[3/4/17] When will retailers learn that Amazon.com is not their friend? Over and over again, retailers think that by partnering with the e-commerce king, they’ll benefit through some sort of halo effect that will allow the tremendous traffic Amazon drives to trickle down to them and boost their own sales. Rarely, though, does it seem to ever happen, and Amazon continues to undermine its competition in the process.
The latest rival willing to embrace its enemy is the U.S. shopping mall, which is agreeing to install Amazon Lockers in their centers. Undoubtedly believing they’ll drive more traffic to the mall, they’re more than likely just undermining the very tenants who are paying their bills.
Locking up the market
Amazon Lockers were first launched in 2011, and today they’re found in major cities like Boston, Chicago, Los Angeles, and New York City. Amazon says there are hundreds of locations across the country and they’re always adding more. The concept behind them is smart: Since you’re not always going to be home when a package you ordered is delivered, sending it to a nearby location where only you can retrieve it is a good backup plan. You order an item online, receive a code to open a locker when the package is delivered, and go get it when you can.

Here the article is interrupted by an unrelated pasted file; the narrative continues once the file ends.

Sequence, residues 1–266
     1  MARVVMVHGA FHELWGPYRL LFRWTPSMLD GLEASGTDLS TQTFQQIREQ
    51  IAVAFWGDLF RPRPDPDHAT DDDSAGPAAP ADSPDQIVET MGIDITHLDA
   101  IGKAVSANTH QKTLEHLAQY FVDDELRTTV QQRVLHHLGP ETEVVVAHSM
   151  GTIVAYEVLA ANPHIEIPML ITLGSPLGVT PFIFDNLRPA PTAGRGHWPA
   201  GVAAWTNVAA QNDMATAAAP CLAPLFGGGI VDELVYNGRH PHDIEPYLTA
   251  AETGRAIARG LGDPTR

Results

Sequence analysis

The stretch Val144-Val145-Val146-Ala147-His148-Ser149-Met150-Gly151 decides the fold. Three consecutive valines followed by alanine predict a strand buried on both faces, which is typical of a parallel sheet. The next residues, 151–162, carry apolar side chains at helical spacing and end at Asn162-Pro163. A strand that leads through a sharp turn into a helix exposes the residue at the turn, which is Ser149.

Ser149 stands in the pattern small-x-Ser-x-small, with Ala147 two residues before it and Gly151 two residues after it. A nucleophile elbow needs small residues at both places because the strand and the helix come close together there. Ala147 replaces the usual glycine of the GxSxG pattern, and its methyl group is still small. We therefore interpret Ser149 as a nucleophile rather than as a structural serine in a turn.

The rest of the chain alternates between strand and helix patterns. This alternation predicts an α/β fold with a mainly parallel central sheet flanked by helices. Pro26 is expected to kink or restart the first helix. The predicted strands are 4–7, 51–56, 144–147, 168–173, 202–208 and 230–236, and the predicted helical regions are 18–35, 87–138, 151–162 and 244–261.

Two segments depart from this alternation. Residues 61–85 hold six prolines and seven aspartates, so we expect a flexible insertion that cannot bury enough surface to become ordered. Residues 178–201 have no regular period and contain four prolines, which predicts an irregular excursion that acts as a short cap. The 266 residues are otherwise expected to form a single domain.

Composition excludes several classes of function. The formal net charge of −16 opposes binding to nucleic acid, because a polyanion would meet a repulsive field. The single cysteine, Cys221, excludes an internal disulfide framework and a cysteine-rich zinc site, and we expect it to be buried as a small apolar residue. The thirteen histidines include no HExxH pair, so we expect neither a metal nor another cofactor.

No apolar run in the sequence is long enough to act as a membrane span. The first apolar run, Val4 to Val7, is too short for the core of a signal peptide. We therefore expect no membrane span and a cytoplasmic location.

And for businesses hosting the lockers, they can make sense, too. For example, an Amazon customer going to a local 7-Eleven store to retrieve his package might also pick up a Slurpee while he’s there. The potential to push incremental sales is what causes stores to partner with the e-commerce leader, not to mention earning a small rental fee for the locker space.
Yet what a lot of retailers end up finding out is all they’re really doing is boosting Amazon’s sales and undercutting their own.
Handing over the keys to the kingdom
A few years ago, office-supplies retailer Staples and electronics store RadioShack thought they could benefit from the e-tailer’s sales prowess. Although they were losing sales regularly to Amazon, they thought placing lockers in their stores could also result in the sale of an extra ream of paper or a few capacitors and potentiometers. Instead what they found was customers were simply buying their paper, ink cartridges, and electronic gadgets on Amazon and picking them up in their stores. After just a year, Staples and RadioShack abruptly ended the program.